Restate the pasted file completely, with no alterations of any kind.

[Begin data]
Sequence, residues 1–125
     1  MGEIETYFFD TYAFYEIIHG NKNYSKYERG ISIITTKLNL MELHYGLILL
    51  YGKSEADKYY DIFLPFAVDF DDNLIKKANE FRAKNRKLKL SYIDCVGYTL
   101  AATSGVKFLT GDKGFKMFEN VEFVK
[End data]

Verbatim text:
Sequence, residues 1–125
     1  MGEIETYFFD TYAFYEIIHG NKNYSKYERG ISIITTKLNL MELHYGLILL
    51  YGKSEADKYY DIFLPFAVDF DDNLIKKANE FRAKNRKLKL SYIDCVGYTL
   101  AATSGVKFLT GDKGFKMFEN VEFVK